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### The Rockmite 20 at 10k

The Rockmite is back up and running! After replacing the 2N2222 that amplifies the transmitted signal I hadn't made a contact in a week or so, and I was starting to think I'd smoked yet another component. I decided maybe a better antenna location would help. The weather was exceptionally warm in Boulder today, so it seemed like the perfect time for a hike. I packed up the rig, my fishing pole, and my antenna and headed for Lefthand Reservoir in the Roosevelt National Forest outside Ward, CO.

The temperature was quite a bit colder at altitude, (Lefthand lies at about 10,700 ft.), but the hike was pleasant and pretty easy. There's not a whole lot of snow yet and the trail to Lefthand lies entirely on a Forest Service Road that's closed for the winter. The reservoir was completely frozen over, so fishing was out, and I set up the Rockmite and its antenna right away.

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I hung the half-wave dipole about six feet up to start, turned on the Rockmite, and heard... a crystal clear CQ from W9FFU! I responded and W9FFU promptly called back with an RST of 449! I haven't operated in the mountains before, and the signal quality just stunned me! There was no static and no interference! The little Rockmite was reaching all the way to Oak Harbor, WA on half a watt!

I'll be back up tomorrow, November 17, 2008, between 17:00 and 20:00 GMT if you'd like to chat. The frequency should be around 14.060 MHz in the QRP portion of the band.

### Cool Math Tricks: Deriving the Divergence, (Del or Nabla) into New (Cylindrical) Coordinate Systems

The following is a pretty lengthy procedure, but converting the divergence, (nabla, del) operator between coordinate systems comes up pretty often. While there are tables for converting between common coordinate systems, there seem to be fewer explanations of the procedure for deriving the conversion, so here goes!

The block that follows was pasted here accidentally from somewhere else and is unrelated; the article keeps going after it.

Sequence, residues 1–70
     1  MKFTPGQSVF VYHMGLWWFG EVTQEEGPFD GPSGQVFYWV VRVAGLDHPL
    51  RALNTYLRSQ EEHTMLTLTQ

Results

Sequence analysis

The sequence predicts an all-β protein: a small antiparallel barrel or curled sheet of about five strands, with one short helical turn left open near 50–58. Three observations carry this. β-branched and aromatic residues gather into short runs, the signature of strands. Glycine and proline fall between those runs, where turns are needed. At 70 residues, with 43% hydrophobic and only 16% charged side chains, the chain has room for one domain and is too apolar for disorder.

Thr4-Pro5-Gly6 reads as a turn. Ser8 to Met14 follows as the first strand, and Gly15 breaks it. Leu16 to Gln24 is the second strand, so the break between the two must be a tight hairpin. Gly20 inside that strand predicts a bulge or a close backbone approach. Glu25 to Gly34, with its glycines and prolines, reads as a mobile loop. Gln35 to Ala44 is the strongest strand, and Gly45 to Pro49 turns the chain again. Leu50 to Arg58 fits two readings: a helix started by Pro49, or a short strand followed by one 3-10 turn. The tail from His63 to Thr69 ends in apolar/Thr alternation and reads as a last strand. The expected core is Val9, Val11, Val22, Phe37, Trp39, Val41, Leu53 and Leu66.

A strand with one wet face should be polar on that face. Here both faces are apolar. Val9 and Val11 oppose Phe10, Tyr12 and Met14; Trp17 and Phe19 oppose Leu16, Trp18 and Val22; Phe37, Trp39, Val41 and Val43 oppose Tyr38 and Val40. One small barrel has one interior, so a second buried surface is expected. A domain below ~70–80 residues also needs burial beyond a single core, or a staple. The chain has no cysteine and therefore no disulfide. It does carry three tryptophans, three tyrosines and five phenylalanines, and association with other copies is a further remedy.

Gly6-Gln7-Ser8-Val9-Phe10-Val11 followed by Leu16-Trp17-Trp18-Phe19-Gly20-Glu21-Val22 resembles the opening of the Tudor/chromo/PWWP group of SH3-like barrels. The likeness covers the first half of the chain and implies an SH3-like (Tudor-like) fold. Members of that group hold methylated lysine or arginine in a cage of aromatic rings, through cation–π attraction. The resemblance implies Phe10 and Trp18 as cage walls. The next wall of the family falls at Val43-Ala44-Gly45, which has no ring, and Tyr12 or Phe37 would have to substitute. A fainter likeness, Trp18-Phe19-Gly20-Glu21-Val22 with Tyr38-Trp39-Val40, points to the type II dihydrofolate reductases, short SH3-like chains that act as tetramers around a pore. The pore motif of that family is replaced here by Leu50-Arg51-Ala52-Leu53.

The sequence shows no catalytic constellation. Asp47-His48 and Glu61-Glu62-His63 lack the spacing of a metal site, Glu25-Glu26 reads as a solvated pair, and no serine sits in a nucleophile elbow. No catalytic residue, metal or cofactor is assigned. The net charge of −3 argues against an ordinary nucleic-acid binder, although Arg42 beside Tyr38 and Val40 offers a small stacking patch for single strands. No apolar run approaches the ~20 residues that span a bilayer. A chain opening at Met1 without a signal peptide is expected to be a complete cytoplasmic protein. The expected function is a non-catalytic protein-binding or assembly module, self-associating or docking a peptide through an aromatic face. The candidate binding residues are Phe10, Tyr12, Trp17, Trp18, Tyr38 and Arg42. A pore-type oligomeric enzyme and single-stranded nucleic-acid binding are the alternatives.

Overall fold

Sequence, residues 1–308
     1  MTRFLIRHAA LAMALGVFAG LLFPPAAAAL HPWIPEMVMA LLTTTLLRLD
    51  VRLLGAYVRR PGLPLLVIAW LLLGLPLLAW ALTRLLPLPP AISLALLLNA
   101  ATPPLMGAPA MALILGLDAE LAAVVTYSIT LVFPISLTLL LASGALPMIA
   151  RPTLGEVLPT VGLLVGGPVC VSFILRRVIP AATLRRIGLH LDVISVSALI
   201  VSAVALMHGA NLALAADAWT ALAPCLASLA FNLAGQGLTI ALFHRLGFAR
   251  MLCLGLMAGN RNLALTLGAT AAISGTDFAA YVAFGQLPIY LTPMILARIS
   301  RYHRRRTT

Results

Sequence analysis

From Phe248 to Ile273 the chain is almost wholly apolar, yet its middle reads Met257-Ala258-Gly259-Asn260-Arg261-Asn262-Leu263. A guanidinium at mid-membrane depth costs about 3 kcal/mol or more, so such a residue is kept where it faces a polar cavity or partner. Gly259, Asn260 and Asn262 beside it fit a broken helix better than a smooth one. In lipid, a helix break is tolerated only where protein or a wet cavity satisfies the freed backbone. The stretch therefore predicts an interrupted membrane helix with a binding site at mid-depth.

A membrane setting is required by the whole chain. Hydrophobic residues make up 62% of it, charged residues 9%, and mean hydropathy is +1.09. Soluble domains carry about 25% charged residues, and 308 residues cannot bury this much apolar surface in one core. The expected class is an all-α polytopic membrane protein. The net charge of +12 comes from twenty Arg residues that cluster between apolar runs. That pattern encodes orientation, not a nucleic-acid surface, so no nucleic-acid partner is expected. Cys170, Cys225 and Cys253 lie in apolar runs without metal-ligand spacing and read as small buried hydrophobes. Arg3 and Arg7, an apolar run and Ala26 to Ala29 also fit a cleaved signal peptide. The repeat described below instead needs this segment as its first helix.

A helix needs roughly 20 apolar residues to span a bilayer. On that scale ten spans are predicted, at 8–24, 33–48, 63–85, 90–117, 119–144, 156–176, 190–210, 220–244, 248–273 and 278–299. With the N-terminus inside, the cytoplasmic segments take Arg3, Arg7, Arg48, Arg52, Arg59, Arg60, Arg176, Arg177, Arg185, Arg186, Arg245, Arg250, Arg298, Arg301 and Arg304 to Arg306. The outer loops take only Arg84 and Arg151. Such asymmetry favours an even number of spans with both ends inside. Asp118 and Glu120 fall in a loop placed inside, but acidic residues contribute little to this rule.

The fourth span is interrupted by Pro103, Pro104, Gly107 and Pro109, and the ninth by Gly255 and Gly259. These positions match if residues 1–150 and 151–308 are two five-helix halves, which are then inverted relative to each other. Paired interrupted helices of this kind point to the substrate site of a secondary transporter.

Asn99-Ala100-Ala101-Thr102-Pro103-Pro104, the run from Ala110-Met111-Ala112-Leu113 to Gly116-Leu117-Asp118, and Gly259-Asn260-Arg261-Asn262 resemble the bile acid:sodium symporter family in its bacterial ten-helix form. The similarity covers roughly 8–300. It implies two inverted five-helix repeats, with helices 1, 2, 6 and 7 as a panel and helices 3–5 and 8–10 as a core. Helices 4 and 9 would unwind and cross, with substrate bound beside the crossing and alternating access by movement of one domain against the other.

What do we actually want?

To convert the Cartesian nabla

to the nabla for another coordinate system, say… cylindrical coordinates.

What we’ll need:

1. The Cartesian Nabla:

2. A set of equations relating the Cartesian coordinates to cylindrical coordinates:

3. A set of equations relating the Cartesian basis vectors to the basis vectors of the new coordinate system:

How to do it:

Use the chain rule for differentiation to convert the derivatives with respect to the Cartesian variables to derivatives with respect to the cylindrical variables.

The chain rule can be used to convert a differential operator in terms of one variable into a series of differential operators in terms of othe…

### Lost Phone

We were incredibly lucky to have both been in university settings when our kids were born.  When No. 1 arrived, we were both still grad students.  Not long after No. 2 arrived, (about 10 days to be exact), mom-person defended her dissertation and gained the appellation prependage Dr.

While there are lots of perks attendant to grad school, not the least of them phenomenal health insurance, that’s not the one that’s come to mind for me just now.  The one I’m most grateful for at the moment with respect to our kids was the opportunities for sheer independence.  Most days, we’d meet for lunch on the quad of whatever university we were hanging out at at the time, (physics research requires a bit of travel), to eat lunch.  During those lunches, the kids could crawl, toddle, or jog off into the distance.  There were no roads, and therefore no cars.  And, I realize now with a certain wistful bliss I had no knowledge of at the time, there were also very few people at hand that new what a baby…

### Lab Book 2014_07_10 More NaI Characterization

Summary: Much more plunking around with the NaI detector and sources today.  A Pb shield was built to eliminate cosmic ray muons as well as potassium 40 radiation from the concreted building.  The spectra are much cleaner, but still don't have the count rates or distinctive peaks that are expected.
New to the experiment?  Scroll to the bottom to see background and get caught up.
Lab Book Threshold for the QVT is currently set at -1.49 volts.  Remember to divide this by 100 to get the actual threshold voltage. A new spectrum recording the lines of all three sources, Cs 137, Co 60, and Sr 90, was started at approximately 10:55. Took data for about an hour.
Started the Cs 137 only spectrum at about 11:55 AM

Here’s the no-source background from yesterday
In comparison, here’s the 3 source spectrum from this morning.

The three source spectrum shows peak structure not exhibited by the background alone. I forgot to take scope pictures of the Cs137 run. I do however, have the printout, and…